Cancer screening is important for health promotion and is a key element in reducing the disparities in cancer morbidity and mortality. Mortality rates for colorectal cancer are more than 40% higher among African Americans than among other ethnic populations in the United States. The primary objective of the present study is to determine correlates of colonoscopy utilization in the Black Women's Health Study. Our study sample comprised 10992 black women from the Black Women's Health Study whose ages ranged from 50 to 72 years at base-line in 1997; colonoscopy use in the subsequent 8 years was ascertained. The strongest correlate of colonoscopy use was mammography use: women who utilized mammography had 2.5 times the odds of having a colonoscopy, compared with those who never screened for breast cancer. Women who reported having health insurance had 2 times the odds of having a colonoscopy compared with women who did not have health insurance. Higher level of education was also associated with colonoscopy screening. Concurrent promo-tion of cancer screenings, ie, mammography and colonos-copy, may be a good approach to increasing colonoscopy utilization among women.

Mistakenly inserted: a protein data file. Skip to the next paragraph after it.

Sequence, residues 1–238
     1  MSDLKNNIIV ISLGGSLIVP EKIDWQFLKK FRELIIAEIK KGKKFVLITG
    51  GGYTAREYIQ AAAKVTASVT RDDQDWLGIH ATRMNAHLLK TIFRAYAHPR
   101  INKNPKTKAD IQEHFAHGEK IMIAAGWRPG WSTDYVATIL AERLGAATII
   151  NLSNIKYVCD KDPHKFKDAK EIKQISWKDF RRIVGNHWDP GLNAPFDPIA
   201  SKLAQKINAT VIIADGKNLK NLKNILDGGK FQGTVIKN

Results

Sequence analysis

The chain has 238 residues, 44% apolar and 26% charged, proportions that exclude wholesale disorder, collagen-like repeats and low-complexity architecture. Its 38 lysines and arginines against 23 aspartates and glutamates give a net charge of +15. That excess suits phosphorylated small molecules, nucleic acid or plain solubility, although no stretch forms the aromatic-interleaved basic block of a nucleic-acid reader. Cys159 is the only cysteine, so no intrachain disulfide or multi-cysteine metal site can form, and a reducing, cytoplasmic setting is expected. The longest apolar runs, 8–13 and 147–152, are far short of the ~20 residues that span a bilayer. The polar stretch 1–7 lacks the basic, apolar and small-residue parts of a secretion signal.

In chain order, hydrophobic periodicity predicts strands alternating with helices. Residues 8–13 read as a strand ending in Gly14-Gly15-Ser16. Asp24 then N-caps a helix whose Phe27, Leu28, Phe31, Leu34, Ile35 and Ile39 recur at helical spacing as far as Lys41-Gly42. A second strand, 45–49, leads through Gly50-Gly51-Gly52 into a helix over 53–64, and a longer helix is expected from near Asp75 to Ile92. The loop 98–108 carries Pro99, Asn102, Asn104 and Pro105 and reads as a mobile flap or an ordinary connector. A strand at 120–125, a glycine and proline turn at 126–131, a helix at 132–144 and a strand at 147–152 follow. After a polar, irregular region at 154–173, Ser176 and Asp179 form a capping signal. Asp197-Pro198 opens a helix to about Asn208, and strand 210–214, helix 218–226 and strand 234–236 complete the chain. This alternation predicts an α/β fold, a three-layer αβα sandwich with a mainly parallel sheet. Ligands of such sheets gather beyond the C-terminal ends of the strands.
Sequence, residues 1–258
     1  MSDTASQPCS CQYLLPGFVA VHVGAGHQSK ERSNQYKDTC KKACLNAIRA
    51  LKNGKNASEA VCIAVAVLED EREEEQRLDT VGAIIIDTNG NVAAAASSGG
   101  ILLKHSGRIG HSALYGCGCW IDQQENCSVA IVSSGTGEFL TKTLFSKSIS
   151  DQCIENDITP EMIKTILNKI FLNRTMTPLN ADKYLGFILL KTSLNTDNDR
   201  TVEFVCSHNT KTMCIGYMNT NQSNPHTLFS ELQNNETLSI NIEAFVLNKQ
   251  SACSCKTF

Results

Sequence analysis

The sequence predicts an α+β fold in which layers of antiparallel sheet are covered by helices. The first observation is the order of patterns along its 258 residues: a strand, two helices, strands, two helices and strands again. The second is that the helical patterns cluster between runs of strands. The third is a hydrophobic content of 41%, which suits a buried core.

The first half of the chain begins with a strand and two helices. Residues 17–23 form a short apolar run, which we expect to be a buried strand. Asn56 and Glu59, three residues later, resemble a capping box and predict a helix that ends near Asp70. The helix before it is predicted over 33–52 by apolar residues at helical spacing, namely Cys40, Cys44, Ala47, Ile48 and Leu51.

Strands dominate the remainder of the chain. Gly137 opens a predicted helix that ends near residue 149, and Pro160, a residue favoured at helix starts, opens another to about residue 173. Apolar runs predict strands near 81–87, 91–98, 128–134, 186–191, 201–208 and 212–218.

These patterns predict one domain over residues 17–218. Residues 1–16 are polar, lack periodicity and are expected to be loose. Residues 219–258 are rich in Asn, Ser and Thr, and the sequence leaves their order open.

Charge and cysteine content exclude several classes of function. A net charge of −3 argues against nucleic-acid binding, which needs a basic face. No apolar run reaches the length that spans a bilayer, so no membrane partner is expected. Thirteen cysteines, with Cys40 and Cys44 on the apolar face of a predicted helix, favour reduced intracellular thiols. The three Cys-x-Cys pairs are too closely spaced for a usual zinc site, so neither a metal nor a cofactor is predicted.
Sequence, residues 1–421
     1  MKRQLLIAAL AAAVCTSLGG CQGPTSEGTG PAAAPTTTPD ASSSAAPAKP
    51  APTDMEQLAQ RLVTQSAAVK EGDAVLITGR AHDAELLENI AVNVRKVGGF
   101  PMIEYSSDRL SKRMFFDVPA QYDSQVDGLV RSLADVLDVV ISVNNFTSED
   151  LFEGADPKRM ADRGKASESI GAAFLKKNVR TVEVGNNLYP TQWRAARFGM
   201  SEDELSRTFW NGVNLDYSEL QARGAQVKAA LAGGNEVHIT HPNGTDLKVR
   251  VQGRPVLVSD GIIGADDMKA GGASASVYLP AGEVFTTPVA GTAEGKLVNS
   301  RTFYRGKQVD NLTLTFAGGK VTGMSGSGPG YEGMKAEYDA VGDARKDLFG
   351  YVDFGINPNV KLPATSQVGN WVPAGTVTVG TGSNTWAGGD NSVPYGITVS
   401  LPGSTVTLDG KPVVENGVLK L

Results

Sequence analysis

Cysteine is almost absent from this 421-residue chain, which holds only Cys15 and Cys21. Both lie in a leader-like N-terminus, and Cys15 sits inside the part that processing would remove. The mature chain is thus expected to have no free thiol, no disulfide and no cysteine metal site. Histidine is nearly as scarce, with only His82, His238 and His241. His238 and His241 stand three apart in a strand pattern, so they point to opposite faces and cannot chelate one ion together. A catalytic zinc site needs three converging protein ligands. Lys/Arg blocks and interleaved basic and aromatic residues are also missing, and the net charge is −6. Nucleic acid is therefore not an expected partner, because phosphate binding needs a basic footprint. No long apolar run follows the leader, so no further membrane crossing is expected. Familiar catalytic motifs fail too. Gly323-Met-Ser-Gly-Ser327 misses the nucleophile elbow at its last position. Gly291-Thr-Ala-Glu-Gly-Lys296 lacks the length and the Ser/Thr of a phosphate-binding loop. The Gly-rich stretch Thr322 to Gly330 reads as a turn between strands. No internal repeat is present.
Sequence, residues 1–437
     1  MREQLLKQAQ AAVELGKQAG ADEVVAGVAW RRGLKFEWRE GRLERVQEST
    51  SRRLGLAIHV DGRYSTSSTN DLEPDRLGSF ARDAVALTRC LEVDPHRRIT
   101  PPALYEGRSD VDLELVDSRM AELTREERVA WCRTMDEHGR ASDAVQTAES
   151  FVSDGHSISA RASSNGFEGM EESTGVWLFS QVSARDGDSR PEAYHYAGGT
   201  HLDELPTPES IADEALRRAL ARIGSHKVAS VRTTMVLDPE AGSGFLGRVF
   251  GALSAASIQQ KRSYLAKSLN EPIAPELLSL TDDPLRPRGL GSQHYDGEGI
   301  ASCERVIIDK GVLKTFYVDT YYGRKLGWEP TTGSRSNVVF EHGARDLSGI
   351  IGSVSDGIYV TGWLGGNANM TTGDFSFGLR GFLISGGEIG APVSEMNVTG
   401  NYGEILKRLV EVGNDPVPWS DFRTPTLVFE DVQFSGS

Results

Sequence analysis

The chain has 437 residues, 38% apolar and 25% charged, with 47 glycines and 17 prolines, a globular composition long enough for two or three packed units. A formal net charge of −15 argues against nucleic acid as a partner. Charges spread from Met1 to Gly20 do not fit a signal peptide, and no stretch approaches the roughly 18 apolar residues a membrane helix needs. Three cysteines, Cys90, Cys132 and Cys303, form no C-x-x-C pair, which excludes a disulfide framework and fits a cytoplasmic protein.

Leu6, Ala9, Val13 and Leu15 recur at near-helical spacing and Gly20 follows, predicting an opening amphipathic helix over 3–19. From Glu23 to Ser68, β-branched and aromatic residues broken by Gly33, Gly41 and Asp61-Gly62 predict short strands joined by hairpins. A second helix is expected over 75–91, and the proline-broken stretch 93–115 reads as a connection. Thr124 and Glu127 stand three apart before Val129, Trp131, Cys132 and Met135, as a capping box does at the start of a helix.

|Original language||English (US)|
|Number of pages||6|
|Journal||Journal of the National Medical Association|
|State||Published - 2010|
- African Americans
- Women's health
ASJC Scopus subject areas